Why your insurance likely won’t protect you if your basement floods


A new survey conducted by the University of Waterloo showed that few Canadians feel they are at risk for flooding, and few know if their insurance would cover flood damage.

A new survey conducted by the University of Waterloo showed that few Canadians feel they are at risk for flooding, and few know if their insurance would cover flood damage. (Jason Viau/CBC)

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Most policies don’t include ‘overland flood insurance’ — even if they do, there are limits.

Increasingly severe weather in Canada has made for changes in home insurance that could leave homeowners unprotected if their house is damaged in a flood.

The first thing to know: most home insurance policies don’t include flood insurance at all, explained Pete Karageorgos, director of consumer and industry relations with the Insurance Bureau of Canada.

Since about 2013, when Toronto experienced a record-breaking storm that flooded hundreds of basements, insurance companies have begun offering overland flood insurance, “typically as an add-on,” said Karageorgos.

In other words, if you didn’t sign up for it, it’s likely you don’t have it.

Poster of video clip

Karageorgos points to a 2016 flood in Windsor and Tecumseh, Ont., to illustrate how expensive flooding can be for homeowners — and how common it is for people to be caught unaware by their lack of coverage.

“In many cases there weren’t policies that had flood insurance, and those that did, there were usually limits,” he said.

One Windsor resident’s house sustained about $50,000 of damage, but his insurance policy only covered one-fifth of that.

Windsor Flood

Residents in Windsor and Tecumseh, Ont. were forced to do a major cleanup after a record rainfall in 2016. (Amy Dodge/CBC)

Don’t be fooled by wording, cautions Karageorgos: many policies might list coverage for water damage, but that refers to incidents like burst pipes or overflowing toilets, not severe weather and flooding.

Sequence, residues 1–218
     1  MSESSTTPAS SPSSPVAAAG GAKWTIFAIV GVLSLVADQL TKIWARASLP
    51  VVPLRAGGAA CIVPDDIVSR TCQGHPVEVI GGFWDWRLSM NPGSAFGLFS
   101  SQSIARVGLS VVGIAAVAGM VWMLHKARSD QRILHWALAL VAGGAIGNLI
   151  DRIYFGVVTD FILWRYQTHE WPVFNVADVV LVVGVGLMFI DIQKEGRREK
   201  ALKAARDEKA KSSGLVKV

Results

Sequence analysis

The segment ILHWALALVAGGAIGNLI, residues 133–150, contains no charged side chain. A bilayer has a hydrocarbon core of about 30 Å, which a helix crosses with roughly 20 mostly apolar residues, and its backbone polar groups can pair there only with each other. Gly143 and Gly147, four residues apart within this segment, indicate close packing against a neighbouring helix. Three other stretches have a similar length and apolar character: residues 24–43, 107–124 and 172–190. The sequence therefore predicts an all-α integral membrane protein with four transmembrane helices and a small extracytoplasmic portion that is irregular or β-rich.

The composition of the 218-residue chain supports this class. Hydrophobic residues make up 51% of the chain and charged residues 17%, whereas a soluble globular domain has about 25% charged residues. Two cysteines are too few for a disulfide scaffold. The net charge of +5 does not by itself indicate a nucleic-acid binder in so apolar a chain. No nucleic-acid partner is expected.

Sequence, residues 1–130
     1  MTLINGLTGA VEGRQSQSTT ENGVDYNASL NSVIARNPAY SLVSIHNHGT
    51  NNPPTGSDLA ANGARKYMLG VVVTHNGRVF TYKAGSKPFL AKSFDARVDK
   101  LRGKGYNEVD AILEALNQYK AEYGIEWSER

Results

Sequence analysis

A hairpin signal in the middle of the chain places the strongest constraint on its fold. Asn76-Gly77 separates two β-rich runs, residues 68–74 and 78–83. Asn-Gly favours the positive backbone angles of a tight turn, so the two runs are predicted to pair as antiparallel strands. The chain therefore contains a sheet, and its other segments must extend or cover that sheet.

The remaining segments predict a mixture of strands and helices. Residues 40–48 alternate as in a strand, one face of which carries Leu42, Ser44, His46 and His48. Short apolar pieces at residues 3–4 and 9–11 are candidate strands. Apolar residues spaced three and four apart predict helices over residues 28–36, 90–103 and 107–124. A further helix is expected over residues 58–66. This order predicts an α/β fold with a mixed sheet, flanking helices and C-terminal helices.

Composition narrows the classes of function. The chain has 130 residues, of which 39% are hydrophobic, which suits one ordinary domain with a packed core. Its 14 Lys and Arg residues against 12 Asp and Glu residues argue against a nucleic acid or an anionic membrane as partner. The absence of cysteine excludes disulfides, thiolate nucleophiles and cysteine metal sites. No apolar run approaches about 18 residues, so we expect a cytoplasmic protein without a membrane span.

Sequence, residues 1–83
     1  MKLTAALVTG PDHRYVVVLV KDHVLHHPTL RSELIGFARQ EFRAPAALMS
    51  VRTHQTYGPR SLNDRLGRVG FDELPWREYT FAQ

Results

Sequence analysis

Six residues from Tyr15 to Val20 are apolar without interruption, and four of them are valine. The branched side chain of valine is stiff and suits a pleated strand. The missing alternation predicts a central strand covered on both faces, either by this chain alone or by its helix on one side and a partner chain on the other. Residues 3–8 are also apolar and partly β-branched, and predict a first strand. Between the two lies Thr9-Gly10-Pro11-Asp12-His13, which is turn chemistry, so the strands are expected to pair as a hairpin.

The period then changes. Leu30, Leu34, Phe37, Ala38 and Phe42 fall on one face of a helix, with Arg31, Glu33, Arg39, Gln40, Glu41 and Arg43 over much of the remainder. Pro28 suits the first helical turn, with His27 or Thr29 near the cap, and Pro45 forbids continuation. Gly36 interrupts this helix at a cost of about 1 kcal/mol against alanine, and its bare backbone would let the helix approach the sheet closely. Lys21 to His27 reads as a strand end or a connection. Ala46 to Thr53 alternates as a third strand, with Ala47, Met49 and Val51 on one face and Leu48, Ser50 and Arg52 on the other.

He said homeowners should also be aware that if water is entering the basement by a crack in the foundation, for example, it falls under the category of seepage and could signal a maintenance issue that would also prevent an insurance payout.

Few Canadians know their flood risk

The introduction of overland flooding insurance to the Canadian market is having another effect, said Jason Thistlethwaite, director of University of Waterloo’s Climate Change Adaptation Project: Canadians are less likely to qualify for federal government disaster assistance.

Federal legislation, he explained, stipulates that if “insurance is readily and reasonably available,” then you don’t qualify for disaster assistance — even if you never actually purchased the insurance, or didn’t even know it existed.

“That language is interpreted differently by the provinces, but it’s confusing and it’s inconsistent, and it can be taken advantage of in the aftermath of a flood event,” he said.

Thistlethwaite is concerned that few Canadians have been given the opportunity to opt into overland flood insurance and that many are confused about what their policies cover.

Toronto storm 20130708

A City of Toronto investigation into the next 50 years of weather predicted increasingly intense rainfall, meaning floods like the one in 2013 might become more common. (Frank Gunn/Canadian Press)

His university conducted a survey of 2,300 Canadians about how they perceived flood risk, finding that 70 per cent of respondents had not been approached by their insurance provider about overland flood insurance.

They also found very few homeowners saw themselves as being at risk or knew if they were covered or not, “despite the fact that we know for the next 50 years that flood risk is going to increase.”

There’s a small silver lining though, at least if you live in Ontario — the provincial government is available to provide some disaster assistance.

“What Ontario has said is that their disaster assistance programs will cover costs that are not covered by insurance,” said Thistlethwaite.

But that won’t mean restoring your home to its previous lustre. “This is bare minimum replacement costs,” he said.

“There’s an incredible amount of paperwork, red tape and delays. … It pays to call up your insurance company.”

Problem will get worse, so be prepared

Extreme weather is expected to increase substantially in the next half-century, leading Karageorgos and Thistlethwaite to urge that people review their policies carefully and take steps themselves to protect from flooding.

Short-term actions to mitigate damage include pointing downspouts away from the house foundation, taking valuables out of the basement, and making sure sump pumps are working and that you have a backup in case the power goes out.